- The Lunch: Todd Sklar & Alex Rennie of ‘Awful Nice’
- The Lunch: Critics Alonso Duralde & Dave White on ‘Robocop,’ Reagan & Rye …
- The Lunch, with Standup & Author DC Pierson on ‘Wolf of Wall Street’
- The Lunch with Justin Simien, Writer-Director of Sundance Grand Jury Prize Winner ‘Dear White People’
- The Lunch Closes Out Sundance 2014 with William B. Goss of Film.com
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Tag Archives: Gwyneth Paltrow
It’s OK to laugh at “Country Strong” prior to seeing it; I know I did. Writer-director Shana Feste‘s film is saddled with substantial burdens, some of which are illusions and some of which are all too real. The title sounds like the slogan for Chevy’s new truck marketing initiative. There are several moments where characters wander around with a central metaphor literally tucked into a cigar box. There is also the seemingly incongruous idea of Gwyneth Paltrow, the gleaming golden yoga demigod of the jet set, playing a vodka-swilling Grammy-winning country artist who has been up and down the 12 steps of recovery so often she might as well just have an escalator put in.
But actually watching “Country Strong” proves surprisingly satisfactory in many ways. Feste clearly loves country music — not with the starry-eyed ardor of young love, but rather with the mix of well-informed delight and disappointment that characterizes any long-term relationship. The actual songs — so often the weak point in movies about the intersection of art and commerce that is the music industry (or, alternately, the place where art and commerce diverge) – are all strong, and in many cases excellent. And Paltrow is not only very good, she’s also matched with a supporting cast that bring life even to the script’s more cliché moments.
Paltrow’s Kelly Canter is being released from rehab early. Her husband and manager, James (Tim McGraw), wants to get back on the horse, and the tour bus. James has handpicked an opening act, Chiles Stanton (Leighton Meester), an ex-beauty queen whom I mentally referred to as “Taylor Not-So-Swift,” pretty and poppy and presold. Kelly’s pick for an opener is Beau (Garrett Hedlund), a new face with old-school style, whom Kelly met while he was working at her rehab center and showed a mix of kindness and self-interest in her care, and whom we first meet singing Merle Haggard‘s “Silver Wings,” which makes it pretty easy for us, and her, to like him.
Of course, the road back to touring isn’t easy, especially with the “All About Eve” complication of Chiles — young, pretty, agreeable — making Kelly feel doubts she tries to drown in sin and booze. And Beau’s self-righteous streak — he calls Chiles “Country Barbie,” to which she simply says, “Thank you” — is also making the tour a challenge. But Feste makes everyone on-screen people — flawed, selfish, capable of cruelty and kindness. If McGraw were a car, he would have one gear, marked “stolid,” but that’s served him well on-screen before, and it does here. Meester turns what could have been a shallow joke into a person, and you believe both that Chiles has every idea of what she wants and no idea who Townes Van Zandt is. It’s welcome enough to see Hedlund emoting in even the smallest way after the neon numbness of “Tron: Legacy,” but he also hits some welcome notes as a headstrong-but-decent man who’s also a bit of a bastard, and he has a great low, soulful singing voice.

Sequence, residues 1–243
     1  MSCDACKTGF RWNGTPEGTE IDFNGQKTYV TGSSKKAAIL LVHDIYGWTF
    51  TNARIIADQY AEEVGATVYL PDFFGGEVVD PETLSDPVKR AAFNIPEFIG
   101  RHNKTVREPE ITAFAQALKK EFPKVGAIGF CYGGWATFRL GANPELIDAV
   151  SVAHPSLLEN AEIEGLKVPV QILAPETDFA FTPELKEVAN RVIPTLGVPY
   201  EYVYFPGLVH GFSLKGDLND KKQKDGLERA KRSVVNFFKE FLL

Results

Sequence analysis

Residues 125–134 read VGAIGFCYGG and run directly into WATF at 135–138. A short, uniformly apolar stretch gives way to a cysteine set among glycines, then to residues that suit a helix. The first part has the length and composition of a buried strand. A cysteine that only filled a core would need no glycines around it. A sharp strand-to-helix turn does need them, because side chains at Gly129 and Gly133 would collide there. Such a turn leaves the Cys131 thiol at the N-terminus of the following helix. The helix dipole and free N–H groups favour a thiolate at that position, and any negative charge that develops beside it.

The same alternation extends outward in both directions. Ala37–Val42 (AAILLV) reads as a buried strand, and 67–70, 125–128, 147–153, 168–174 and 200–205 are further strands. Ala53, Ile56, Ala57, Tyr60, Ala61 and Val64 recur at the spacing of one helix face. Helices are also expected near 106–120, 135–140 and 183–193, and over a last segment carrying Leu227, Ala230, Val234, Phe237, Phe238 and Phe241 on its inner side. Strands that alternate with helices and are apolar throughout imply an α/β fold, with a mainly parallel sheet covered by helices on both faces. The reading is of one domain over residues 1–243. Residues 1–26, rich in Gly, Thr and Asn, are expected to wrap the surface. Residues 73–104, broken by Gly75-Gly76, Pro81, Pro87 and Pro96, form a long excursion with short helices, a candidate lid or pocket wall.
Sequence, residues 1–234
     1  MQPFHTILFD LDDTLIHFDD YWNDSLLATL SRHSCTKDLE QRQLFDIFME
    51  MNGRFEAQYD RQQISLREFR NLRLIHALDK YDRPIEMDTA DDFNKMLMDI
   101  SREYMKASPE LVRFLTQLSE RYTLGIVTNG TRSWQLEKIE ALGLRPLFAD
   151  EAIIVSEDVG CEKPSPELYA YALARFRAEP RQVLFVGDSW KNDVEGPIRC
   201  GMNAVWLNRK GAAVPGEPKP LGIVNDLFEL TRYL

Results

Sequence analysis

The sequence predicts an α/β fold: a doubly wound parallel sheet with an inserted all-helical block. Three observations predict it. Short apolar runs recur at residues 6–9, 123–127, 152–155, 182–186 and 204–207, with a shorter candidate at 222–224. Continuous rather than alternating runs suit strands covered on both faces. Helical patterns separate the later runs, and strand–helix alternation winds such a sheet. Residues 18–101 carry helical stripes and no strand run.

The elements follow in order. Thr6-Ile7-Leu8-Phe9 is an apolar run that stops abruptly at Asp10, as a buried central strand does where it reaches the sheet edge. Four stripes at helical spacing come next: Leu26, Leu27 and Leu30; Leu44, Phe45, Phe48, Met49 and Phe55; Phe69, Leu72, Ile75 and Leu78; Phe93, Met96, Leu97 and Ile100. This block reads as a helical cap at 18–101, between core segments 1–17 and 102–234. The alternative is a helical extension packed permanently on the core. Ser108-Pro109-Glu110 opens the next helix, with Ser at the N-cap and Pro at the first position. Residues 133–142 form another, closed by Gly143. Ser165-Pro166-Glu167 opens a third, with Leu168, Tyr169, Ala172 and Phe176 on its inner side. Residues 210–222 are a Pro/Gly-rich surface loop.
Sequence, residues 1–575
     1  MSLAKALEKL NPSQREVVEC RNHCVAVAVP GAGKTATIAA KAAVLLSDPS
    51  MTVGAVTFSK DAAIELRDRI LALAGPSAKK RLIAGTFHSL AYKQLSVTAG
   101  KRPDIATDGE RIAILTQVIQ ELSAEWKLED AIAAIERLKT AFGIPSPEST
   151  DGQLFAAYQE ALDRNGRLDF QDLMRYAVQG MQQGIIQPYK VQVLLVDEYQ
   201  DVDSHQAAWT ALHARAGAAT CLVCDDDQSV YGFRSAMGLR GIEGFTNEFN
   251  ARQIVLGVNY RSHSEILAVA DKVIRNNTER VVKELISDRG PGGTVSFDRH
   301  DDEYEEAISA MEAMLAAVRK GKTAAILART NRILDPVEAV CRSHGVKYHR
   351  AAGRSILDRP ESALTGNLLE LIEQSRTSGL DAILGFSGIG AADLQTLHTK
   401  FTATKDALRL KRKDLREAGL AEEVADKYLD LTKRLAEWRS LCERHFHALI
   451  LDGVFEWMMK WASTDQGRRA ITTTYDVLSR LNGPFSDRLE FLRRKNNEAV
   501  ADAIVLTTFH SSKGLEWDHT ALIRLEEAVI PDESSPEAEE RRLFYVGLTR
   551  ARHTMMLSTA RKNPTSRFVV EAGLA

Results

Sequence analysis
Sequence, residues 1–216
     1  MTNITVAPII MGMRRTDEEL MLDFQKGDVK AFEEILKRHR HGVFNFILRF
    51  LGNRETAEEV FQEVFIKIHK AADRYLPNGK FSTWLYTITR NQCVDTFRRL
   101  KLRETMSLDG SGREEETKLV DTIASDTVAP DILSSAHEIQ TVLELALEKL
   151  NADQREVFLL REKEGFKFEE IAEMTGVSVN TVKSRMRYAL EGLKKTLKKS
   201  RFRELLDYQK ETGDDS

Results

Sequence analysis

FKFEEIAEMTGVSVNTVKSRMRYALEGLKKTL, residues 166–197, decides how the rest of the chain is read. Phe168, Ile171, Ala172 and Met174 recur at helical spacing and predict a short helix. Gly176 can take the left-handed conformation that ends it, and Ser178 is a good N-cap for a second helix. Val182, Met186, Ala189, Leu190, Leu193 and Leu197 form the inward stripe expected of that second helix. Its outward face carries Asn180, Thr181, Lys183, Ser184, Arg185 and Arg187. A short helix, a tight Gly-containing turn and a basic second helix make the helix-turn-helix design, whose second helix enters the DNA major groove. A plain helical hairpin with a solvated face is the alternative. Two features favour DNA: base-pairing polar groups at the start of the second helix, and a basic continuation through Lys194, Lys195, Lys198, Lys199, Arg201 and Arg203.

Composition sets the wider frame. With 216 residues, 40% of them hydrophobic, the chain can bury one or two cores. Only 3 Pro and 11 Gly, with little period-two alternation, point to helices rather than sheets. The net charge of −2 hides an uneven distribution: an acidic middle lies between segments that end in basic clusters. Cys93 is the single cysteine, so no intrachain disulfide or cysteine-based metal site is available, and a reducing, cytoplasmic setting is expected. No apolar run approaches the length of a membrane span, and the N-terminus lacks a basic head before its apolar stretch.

Paltrow, for her part, is great, and while she can’t save some of the film’s weaker scenes, she makes the strong ones soar. She has vocal chops, but you also buy her showmanship, and a scene where a cynically conceived Make-a-Wish visit becomes something sincere (which, in a post-modern way, actually is kind of cynical, but Paltrow and Feste pull it off) is impressive. At one point, worn luminous with exhaustion, Kelly looks to her husband and asks, sadly, “Will you remember me like I was?” Later, at a comeback show in Dallas, Kelly pops in on Chiles for a heart-to-heart that’s sincere, sweet, blunt and funny before giving one hell of a show.
Finally, the songs in “Country Strong” — the new ones, written for it — range from good to truly impressive. The title track is a perfect piece of new country, a fake Shania Twain-style number, “Shake That Thing,” and is executed by Paltrow with sass and skill. And “Give In to Me,” a duet between Hedlund and Meester, is the sort of plaintive, heartfelt ballad you can imagine being played as the first dance at VFW hall weddings for the next two decades. “Country Strong” stumbles, and has some slack in its silences, but it takes its world, characters and songcraft seriously, so that while much of it is hard to remember after the sound of the guitar fades from your memory, some of it still sticks in your mind with simple strength and real feeling.
Long-limbed and luminous, Gwyneth Paltrow walked into the roundtable interviews for “Country Strong” beaming with good health and bearing a smoothie in her right hand the way Diana, the Roman goddess of the hunt, bore aloft her bow. Asked about the provenance of her smoothie, Paltrow’s tone — mocking itself for its know-it-all semi-sanctimony — said it all: “It’s not from M Cafe, because it contains bananas … and bananas are not macrobiotic.”